Regional public universities are typically moderately sized, neither as large as some of the mammoth flagship universities nor as small as private colleges. They are large enough to offer a wide range of programs that go beyond what a small private college can offer while not being a mega-state university where students can get lost. Furthermore, their size may make them better positioned to implement social distancing strategies (smaller student body size when compared to mega-state universities makes social distancing easier as does their larger physical footprint than small colleges).
Advantage 3 – Regional Public universities are well-positioned to respond to unique student needs
Many regional public universities have dramatically increased their student support services in recent years developing programs focused on persistence and graduation. Such programs are well suited to assisting students navigate the changes and ambiguities brought on by this crisis.
On the other hand, the impact of the crisis will be dramatic for regional public universities. Survival will depend on implementing significant changes to programs and operations. Here are just a few strategies that should receive significant attention in the upcoming months. Situations will differ from campus to campus and from state to state, but overall these are the kinds of questions that regional public universities and their systems should be asking.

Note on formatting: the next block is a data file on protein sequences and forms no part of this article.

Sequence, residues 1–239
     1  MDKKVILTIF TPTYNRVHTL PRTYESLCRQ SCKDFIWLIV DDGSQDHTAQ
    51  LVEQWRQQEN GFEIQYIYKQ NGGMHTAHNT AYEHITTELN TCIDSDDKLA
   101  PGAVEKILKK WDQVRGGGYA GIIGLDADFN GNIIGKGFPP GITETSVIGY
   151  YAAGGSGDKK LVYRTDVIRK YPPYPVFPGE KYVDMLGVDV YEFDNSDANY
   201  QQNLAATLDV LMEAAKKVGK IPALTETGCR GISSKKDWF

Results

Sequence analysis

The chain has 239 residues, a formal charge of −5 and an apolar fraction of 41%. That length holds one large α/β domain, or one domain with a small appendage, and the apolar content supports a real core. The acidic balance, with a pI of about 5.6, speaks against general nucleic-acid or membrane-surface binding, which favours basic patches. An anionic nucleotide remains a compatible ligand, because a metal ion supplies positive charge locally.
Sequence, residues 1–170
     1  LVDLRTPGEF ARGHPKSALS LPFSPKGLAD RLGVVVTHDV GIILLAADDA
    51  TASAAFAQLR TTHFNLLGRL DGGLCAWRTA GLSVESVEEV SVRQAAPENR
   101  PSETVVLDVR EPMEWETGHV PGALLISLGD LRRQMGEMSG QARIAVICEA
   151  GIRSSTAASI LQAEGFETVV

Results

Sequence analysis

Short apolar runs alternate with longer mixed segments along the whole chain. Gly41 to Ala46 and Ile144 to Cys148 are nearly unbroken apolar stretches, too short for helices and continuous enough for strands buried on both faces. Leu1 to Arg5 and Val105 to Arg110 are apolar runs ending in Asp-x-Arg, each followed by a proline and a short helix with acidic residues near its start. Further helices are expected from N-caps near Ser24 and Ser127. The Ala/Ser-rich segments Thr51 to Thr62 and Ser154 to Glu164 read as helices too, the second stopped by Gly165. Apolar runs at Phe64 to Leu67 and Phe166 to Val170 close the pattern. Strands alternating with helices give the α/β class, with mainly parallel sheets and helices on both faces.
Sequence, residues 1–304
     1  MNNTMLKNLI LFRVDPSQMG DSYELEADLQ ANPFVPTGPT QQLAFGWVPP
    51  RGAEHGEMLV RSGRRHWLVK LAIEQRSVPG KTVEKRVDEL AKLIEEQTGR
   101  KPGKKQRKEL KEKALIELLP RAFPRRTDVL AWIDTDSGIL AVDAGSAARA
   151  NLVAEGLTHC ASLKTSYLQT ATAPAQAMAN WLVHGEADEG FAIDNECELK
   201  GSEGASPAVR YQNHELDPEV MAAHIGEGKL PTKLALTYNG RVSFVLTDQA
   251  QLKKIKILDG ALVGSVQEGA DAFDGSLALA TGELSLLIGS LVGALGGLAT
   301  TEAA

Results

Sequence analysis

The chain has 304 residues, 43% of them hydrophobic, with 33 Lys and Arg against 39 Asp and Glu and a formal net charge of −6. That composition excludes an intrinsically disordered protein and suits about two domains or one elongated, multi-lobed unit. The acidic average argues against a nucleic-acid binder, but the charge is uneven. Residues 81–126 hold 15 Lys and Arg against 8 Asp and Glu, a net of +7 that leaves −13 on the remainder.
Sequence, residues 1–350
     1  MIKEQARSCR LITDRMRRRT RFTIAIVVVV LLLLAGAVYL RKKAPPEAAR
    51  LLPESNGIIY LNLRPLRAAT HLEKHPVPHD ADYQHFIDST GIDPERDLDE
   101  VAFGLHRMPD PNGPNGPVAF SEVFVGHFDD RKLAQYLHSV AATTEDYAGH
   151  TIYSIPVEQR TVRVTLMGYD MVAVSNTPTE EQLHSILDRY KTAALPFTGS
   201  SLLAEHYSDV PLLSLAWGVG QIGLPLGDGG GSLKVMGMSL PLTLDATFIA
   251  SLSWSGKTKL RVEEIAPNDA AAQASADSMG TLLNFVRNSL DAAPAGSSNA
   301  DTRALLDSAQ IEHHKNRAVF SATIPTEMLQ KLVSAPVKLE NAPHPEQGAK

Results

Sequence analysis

Strategy 1 – Identify, focus on, and promote the unique “value add” of your university or system
While focusing on the unique “value add” of a university is going to be critical in the upcoming years for all colleges and universities, it will be especially important for regional public universities. As previously mentioned, state flagship universities and small privates will be squeezing the traditional enrollment base of regional universities. It is imperative that the regionals identify and defend their position in the academic marketplace. Often these universities excel in important areas such as providing more personalized attention than their flagship cousins and at a lower cost. Historically, their roots are as schools of education and their ties to local, regional, and even national K-12 school systems are formidable. Similarly, they often have (or can develop) tight relationships in the regional economy, graduating students who want to stay within the region as opposed to making the jump to a New York or Boston metropolitan center. Finally, they have often developed a focus on First Generation students and the persistence of these students to graduation. These are strengths that can be emphasized and can help these schools maintain both enrollments and state aid.
Strategy 2 – Examine and strengthen your academic program portfolio